Transnational Litigation

Transnational litigation is litigation involving persons, events, or transactions with a connection to more than one country. In the United States, transnational litigation may occur in state or federal court.  The term encompasses ordinary commercial disputes between parties in different nations, multi-jurisdictional patent wars, and claims based on international human rights law. Transnational litigation cases raise a host of unique issues relating to procedural rules, private contracts, federal statutes, state law, and international treaties.

Recent Posts

Successor Jurisdiction and Anti-Terrorism Litigation

Transnational litigation often presents tricky questions of personal jurisdiction. Ongoing litigation in New York arising out of rocket attacks by Hizbollah does so in spades. This post reviews the recent New York Court of Appeals decision in Lelchook v. Société Générale de Banque au Liban SAL, answering a certified question posed by the Second Circuit…

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We Still Don’t Know What the State Department Thinks About the Transit Pipelines Treaty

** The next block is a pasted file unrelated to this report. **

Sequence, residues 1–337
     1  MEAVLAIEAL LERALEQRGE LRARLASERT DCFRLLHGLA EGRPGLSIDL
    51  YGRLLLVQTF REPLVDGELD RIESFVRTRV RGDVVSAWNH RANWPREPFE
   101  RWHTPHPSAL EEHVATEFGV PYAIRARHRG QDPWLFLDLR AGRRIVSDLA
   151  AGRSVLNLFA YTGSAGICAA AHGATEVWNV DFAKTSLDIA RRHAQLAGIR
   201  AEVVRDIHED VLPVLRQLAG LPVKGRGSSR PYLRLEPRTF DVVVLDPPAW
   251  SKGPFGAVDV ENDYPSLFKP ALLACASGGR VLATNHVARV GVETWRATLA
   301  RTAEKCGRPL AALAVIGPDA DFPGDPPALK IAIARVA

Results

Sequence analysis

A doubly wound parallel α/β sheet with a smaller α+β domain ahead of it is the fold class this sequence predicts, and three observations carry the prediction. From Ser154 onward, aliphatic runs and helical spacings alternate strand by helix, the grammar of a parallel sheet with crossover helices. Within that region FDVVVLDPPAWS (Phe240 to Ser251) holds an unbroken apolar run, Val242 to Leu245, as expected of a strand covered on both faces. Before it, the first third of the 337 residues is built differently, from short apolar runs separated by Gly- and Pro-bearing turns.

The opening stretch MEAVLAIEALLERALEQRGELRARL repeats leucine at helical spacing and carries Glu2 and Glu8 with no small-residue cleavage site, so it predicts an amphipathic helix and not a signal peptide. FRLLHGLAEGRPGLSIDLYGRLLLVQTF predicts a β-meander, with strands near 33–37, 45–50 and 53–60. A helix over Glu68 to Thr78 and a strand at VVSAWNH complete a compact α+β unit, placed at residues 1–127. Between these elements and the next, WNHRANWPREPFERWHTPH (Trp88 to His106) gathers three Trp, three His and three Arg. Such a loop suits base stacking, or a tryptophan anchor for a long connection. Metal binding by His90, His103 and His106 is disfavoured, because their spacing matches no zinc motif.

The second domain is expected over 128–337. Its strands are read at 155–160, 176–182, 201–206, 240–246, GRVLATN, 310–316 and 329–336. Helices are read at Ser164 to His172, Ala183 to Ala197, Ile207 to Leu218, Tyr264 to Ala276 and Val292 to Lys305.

In Bad River Band v. Enbridge Energy Co., the District Court for the Western District of Wisconsin (Judge William M. Conley) found that a pipeline owned by a Canadian company, Enbridge Energy, trespasses on the reservation of the Bad River Band of Chippewa Indians. He ordered the pipeline to shut down by June 16, 2026….

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Transnational Litigation Events at the 2024 ASIL Annual Meeting

On April 3-6, the American Society of International Law will hold its 118th Annual Meeting in Washington, D.C.  There are several events that may be of particular interest to TLB readers. The International Law in Domestic Courts Interest Group (which Maggie and Bill co-chair) will hold a panel on Comparative Perspectives on Extraterritoriality on Thursday,…

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